Internal Validation

by in CodeSOD on

If you’re doing anything financial in Brazil, you have to manage “CNPJ” numbers. These numbers are unique identifiers for every business and every branch of that business, along with a pair of check-digits to validate that it’s a correct code. Everyone from banks to accountants to businesses needs to track and manage these.

When Patria joined a microscopic startup as an intern. The startup made an accounting package, and thus needed to track CNPJs. She asked the lead developer, “Hey, how do I validate those check-digits?”


Why Is This Here?

by in CodeSOD on

Oma was tracking down a bug where the application complained about the wrong parameters being passed to an API. As she traced through the Java code, she spotted a construct like this:

Long s = foo.getStatusCode(); if (s != null) { //do stuff } else { //raise an error }

Relative Versioning

by in Feature Articles on

Today's submission comes from someone going by Albert Einstein. Before we look at what they sent us, let's talk a little bit about version numbers.

Version numbers, if you think about it, are a deeply weird construct, and they're trying to balance a lot of difficult goals. At its simplest, a version number is meant to order your releases. Version 2 comes after version 1. Version 3 comes next. But even this simple goal is surprisingly difficult, because your releases only exist in order if you only have one chain of history for your product. The instant you have to have a custom build for one customer, or you start doing AB testing, or your library has to provide multiple interfaces for different deployment conditions, or one developer down in the basement decides to fork and not tell anyone- releases cease to have a linear order.


An Internet of Crap

by in Error'd on

"One can only assume the CEO of Fecebook is named Mark Zuckerturd," writes Eric G..


The Pair of All Sums

by in CodeSOD on

Learning about data structures- when to use them, how to use them, and why- is a make-or-break moment for a lot of programmers. Some programmers master this. Some just get as far as hash maps and call it a day, and some… get inventive.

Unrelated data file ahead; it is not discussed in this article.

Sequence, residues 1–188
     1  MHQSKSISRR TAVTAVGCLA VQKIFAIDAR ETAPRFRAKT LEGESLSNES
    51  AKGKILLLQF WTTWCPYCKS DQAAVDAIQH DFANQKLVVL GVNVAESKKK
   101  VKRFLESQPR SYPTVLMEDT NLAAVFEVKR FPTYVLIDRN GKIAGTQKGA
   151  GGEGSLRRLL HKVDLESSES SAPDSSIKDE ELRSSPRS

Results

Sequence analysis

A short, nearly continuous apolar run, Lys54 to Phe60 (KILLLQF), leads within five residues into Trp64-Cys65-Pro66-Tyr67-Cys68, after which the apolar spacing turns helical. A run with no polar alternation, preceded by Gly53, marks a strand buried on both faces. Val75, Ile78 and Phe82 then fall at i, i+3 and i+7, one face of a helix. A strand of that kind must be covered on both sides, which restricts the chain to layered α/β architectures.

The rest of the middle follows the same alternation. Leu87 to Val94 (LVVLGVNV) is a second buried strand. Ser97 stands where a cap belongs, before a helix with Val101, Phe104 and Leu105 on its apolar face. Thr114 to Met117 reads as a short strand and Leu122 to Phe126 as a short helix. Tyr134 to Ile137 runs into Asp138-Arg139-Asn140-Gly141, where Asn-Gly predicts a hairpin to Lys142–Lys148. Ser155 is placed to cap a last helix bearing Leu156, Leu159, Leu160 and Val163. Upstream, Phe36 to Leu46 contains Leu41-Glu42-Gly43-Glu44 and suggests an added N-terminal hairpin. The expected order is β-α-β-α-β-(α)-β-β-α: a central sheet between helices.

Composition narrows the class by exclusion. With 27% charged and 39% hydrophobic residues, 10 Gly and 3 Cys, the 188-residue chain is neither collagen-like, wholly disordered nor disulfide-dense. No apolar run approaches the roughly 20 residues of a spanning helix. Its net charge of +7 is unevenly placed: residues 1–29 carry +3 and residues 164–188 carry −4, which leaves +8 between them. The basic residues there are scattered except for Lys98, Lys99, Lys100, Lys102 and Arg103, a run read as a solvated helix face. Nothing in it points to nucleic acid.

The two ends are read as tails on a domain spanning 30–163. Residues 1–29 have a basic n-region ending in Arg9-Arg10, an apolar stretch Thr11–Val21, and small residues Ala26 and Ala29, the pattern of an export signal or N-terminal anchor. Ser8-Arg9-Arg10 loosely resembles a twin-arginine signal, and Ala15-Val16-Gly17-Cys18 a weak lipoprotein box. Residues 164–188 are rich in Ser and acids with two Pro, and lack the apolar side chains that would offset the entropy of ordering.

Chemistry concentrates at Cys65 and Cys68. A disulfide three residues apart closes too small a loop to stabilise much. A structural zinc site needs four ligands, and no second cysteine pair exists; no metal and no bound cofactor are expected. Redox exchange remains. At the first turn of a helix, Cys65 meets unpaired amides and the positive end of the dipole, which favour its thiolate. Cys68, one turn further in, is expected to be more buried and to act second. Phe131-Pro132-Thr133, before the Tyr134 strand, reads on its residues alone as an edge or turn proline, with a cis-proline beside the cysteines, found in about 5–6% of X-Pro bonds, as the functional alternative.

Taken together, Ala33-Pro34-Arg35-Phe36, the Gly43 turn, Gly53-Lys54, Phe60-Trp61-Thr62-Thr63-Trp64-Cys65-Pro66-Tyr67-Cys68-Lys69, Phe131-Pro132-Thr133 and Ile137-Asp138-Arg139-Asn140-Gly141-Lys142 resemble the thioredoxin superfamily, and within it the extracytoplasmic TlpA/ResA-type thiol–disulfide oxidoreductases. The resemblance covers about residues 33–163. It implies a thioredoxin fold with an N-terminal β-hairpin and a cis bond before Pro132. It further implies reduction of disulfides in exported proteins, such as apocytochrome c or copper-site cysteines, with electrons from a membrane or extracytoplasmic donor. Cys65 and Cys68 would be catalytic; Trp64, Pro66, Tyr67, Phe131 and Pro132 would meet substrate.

Let’s say, for example, that you’re Jim J’s coworker. You have an object called a Closing. A Closing links two Entrys. This link is directed, so entry 1->2 is one Closing, while 2->1 is another. In real-world practice, though, two Closings that are linked together in both directions should generally be interacted with as pairs. So, 1->2 and 2->1 may not be the same object, but they’re clearly related.


Ternt Up GUID

by in CodeSOD on

UUIDs and GUIDs aren’t as hard as dates, but boy, do they get hard, don’t they. Just look at how many times they come up. It’s hard to generate a value that’s guaranteed to be unique. And there’s a lot of ways to do it- depending on your needs, there are some UUIDs that can be sorted sequentially, some which can be fully random, some which rely on hash algorithms, and so on.

Of course, that means, for example, your UUIDs aren’t sequential. Even with time-based, they’re not in sequence. They’re just sortable.


Switch the Dropdown

by in CodeSOD on

Bogdan Olteanu picked up a simple-sounding bug. There was a drop-down list in the application which was missing a few entries. Since this section of the app wasn't data-driven, that meant someone messed up when hard-coding the entries into the dropdown.

Bogdan was correct. Someone messed up, alright.


Crushing Performance

by in Feature Articles on

IBM-qwert keyboard

Many years ago, Sebastian worked for a company which sold self-assembled workstations and servers. One of the company's top clients ordered a server as a replacement for their ancient IBM PS/2 Model 70. The new machine ran Windows NT Server 4.0 and boasted an IPC RAID controller, along with other period-appropriate bells and whistles. Sebastian took a trip out to the client site and installed the new server in the requested place: a table in front of the receptionist's desk, accessible by anyone walking through the main entrance. Not the best location from a security standpoint, but one of the new server's primary tasks in life would be to serve the company's telephone directory, installed on CD-ROM.


Archives